FDA Grants Priority Review to GvHD Preventative Abatacept

According to a recent article at Targeted Oncology, the FDA has approved abatacept (Orencia) under priority review for preventing moderate to severe acute graft versus host disease (GvHD). The patients must be receiving unrelated donor hematopoietic stem cell transplantation and be six years of age or older.

GvHD

Graft-versus-host disease (GvHD) is a complication where transplanted cells attack the recipient’s body. It can occur after certain stem cell or bone marrow transplants.

There are two types of GvHD: acute and chronic. Acute GvHD occurs usually within the first six months after a transplant, whereas chronic GvHD occurs usually more than three months after a transplant and can last a lifetime.

Common symptoms of acute GvHD include:

  • Abdominal pain or cramps, nausea, vomiting, diarrhea
  • Jaundice or other liver issues
  • Skin rash, itching, or redness

Common symptoms of chronic GvHD include:

  • Dry eyes or dry mouth
  • Vision changes
  • Fatigue, muscle weakness
  • Joint pain or stiffness
  • Skin rash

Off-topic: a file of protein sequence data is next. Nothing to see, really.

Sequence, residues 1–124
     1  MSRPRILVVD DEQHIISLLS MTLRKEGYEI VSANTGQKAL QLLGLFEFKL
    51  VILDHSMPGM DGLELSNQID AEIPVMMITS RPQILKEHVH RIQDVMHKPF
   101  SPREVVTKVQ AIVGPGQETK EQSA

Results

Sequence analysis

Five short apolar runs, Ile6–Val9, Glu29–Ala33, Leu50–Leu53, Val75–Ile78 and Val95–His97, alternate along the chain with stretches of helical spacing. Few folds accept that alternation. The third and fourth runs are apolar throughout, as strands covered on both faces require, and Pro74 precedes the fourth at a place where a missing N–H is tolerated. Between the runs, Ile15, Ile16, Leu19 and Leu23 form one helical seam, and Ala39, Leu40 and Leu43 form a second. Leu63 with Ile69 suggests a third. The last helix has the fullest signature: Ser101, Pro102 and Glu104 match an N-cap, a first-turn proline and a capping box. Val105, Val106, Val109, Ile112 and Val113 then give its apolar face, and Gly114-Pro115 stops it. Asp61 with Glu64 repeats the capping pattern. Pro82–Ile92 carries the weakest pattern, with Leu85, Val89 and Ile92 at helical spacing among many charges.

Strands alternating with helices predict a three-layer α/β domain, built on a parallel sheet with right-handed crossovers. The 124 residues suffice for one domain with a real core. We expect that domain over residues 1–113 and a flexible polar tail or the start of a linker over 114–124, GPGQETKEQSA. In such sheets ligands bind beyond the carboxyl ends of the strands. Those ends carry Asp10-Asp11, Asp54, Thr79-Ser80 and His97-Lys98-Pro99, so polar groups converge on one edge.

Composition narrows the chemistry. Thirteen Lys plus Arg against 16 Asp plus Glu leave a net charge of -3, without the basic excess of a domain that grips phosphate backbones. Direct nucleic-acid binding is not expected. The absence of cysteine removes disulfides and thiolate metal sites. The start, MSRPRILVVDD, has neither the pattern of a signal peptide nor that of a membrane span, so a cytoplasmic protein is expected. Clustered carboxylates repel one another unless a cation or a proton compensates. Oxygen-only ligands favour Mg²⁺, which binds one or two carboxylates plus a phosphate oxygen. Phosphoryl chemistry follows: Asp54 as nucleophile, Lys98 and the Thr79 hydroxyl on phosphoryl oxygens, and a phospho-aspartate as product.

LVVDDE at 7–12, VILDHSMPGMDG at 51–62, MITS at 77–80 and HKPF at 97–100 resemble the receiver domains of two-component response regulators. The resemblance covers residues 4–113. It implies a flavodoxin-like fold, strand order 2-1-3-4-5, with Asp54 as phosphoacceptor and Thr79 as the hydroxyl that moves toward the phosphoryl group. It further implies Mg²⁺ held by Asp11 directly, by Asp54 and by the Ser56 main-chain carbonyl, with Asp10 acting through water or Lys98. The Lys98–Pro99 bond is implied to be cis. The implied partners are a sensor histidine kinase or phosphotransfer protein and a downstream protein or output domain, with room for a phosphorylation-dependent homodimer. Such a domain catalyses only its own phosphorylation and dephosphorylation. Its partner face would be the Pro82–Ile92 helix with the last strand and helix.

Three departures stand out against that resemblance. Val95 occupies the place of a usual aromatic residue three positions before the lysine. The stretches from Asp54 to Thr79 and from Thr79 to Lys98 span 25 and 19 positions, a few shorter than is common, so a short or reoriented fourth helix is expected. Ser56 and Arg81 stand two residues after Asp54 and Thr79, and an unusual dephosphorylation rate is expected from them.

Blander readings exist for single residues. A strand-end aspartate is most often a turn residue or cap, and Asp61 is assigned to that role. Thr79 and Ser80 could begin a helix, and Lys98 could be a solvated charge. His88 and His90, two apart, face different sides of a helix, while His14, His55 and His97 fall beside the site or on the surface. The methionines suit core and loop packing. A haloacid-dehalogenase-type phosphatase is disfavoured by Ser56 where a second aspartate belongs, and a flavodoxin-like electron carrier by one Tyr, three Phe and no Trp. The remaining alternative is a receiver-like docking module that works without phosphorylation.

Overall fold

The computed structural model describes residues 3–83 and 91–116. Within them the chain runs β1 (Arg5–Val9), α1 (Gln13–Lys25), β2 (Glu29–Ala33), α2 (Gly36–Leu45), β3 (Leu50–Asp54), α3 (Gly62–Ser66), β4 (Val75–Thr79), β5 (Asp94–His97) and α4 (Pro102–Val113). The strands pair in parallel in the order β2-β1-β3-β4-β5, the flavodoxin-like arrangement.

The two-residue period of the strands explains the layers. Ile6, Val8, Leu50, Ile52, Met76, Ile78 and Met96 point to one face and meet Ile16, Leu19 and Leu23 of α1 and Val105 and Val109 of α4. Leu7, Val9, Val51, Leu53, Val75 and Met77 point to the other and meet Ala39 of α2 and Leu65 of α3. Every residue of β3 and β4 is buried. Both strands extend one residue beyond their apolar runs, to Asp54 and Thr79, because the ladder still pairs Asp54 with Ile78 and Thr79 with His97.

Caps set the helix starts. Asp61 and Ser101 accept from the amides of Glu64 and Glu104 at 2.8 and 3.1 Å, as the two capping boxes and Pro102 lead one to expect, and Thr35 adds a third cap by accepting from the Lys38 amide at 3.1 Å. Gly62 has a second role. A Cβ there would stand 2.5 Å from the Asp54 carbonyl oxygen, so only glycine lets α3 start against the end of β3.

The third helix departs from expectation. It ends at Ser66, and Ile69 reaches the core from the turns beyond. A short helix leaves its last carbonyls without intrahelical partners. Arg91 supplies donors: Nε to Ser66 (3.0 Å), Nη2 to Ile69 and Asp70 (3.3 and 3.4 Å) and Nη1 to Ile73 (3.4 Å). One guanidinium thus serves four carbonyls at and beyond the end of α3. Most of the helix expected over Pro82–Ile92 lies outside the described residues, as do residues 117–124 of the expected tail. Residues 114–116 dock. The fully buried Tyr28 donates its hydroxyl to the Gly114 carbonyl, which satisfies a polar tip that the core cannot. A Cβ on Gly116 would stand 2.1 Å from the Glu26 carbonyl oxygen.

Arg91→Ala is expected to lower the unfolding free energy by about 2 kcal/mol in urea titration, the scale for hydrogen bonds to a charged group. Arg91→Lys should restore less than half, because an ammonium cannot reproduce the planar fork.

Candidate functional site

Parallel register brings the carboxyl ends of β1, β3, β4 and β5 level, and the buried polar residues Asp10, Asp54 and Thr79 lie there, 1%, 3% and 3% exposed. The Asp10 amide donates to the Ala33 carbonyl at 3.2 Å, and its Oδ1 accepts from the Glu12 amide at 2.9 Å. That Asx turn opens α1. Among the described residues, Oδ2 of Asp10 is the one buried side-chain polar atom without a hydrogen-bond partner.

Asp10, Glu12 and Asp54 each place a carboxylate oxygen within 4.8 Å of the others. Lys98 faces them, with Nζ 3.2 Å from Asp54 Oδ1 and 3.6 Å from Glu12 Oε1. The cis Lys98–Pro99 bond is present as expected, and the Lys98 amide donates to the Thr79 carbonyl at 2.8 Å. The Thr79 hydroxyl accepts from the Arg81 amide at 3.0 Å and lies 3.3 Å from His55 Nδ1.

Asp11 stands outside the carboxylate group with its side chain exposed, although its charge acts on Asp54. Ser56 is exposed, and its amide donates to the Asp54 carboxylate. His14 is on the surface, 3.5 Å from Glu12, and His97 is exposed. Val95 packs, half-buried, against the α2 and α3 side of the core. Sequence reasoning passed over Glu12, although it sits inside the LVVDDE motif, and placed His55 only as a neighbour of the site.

• Shortness of breath
  • Weight loss

Trials

In the phase 2 ABA2 trial, abatacept was evaluated on whether adding a T-cell co-stimulation blockade would significantly reduce GvHD after a hematopoietic stem cell transplantation (HSCT). It was concluded that the combination was safe and effective in reducing GvHD and improving GVHD-related transplant outcomes.

In a press release, the head of Immunology and Fibrosis Development at Bristol Myers Squibb, Mary Beth Harler, MD, said:

“For patients who receive unrelated donor stem cell transplants, in particular for racial and ethnic minority patient populations, there is a heightened risk of developing aGvHD, a potentially life-threatening medical complication for which there are no approved preventive therapies. We look forward to working with the FDA to bring Orencia to this new patient population and employ pathbreaking science in an effort to address unmet needs of underserved patients.”

For more information on abatacept (Orencia) visit Orencia.com.

Share this post

Share on facebook
Share on google
Share on twitter
Share on linkedin
Share on pinterest
Share on print
Share on email